And frankly, whether one is predominately English or Maltese speaking has ceased to be relevant in the context of the current socio-political situation but is, rather, a leftover remnant of an outdated colonialist attitude which enjoys classifying people’s intelligence and ability to assess current events according to the language they speak. I constantly hear pitiful political (usually re-hashed) arguments by people in both languages, just like I also hear well-argued very valid points, in both languages. This hang-up about associating the language that one speaks with some kind of intellectual prowess could not be further from the truth – but I suppose the BBC crew were in too much of a hurry to cobble their programme together to make this important distinction.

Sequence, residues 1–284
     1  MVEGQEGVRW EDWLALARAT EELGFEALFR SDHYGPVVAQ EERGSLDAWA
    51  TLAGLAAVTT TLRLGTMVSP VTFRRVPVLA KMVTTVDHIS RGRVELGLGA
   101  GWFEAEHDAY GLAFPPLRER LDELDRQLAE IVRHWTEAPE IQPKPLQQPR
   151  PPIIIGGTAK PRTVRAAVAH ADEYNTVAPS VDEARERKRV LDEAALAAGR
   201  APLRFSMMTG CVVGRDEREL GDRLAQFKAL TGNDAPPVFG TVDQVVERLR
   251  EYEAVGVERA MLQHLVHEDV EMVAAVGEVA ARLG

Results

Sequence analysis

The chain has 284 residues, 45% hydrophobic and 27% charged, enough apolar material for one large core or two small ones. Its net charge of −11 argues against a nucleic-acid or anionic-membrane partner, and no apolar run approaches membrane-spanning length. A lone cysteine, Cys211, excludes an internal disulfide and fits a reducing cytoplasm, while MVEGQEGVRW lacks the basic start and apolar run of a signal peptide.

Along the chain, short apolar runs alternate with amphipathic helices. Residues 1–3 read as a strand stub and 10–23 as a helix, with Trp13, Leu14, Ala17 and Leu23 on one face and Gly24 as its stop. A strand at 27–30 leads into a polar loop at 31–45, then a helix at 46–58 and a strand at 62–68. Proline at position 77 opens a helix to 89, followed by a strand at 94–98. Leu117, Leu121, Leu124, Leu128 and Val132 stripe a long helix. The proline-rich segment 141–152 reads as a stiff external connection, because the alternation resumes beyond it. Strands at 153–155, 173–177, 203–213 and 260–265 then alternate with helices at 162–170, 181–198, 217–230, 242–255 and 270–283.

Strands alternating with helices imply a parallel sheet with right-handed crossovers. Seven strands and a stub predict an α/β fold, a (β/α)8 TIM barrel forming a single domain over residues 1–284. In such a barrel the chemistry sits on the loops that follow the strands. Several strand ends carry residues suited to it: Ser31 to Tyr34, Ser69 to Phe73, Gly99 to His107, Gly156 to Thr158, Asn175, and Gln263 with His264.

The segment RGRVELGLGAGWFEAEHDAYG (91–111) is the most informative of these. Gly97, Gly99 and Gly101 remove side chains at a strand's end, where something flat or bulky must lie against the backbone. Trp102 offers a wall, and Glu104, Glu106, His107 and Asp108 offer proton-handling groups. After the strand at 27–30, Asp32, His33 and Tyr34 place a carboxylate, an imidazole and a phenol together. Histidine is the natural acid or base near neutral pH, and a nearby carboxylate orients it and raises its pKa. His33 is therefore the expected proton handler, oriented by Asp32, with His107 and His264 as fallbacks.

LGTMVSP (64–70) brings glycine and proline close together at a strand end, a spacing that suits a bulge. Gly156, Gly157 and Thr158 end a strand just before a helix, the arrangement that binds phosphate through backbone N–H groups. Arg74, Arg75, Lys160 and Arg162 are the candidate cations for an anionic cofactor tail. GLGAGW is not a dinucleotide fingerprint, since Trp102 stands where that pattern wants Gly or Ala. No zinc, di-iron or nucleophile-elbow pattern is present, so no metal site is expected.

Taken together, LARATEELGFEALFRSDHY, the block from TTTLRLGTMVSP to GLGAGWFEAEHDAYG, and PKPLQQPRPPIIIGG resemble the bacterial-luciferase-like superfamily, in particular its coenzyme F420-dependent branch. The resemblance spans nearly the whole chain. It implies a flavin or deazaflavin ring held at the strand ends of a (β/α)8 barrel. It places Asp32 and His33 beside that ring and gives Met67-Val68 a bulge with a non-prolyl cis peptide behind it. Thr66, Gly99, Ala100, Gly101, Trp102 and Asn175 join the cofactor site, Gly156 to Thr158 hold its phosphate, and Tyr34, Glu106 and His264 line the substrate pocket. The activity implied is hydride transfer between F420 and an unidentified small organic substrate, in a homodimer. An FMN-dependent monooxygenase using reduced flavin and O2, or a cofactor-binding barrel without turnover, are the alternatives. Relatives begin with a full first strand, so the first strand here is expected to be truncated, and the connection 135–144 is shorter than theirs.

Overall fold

In fact, had the BBC bothered to hang around a bit longer and talk to a wider selection of people they too would have realized that there are many nuances and different shades of opinions. Not everything is black and white. Indeed, there are a number of “Maltas” and anyone who did their research properly instead of relying on others to feed them information would have discovered that. Or maybe, as in the case of the interview they left out, they did discover that, but decided that chopping out the bits which did not quite fit the script, was a more preferable editorial decision.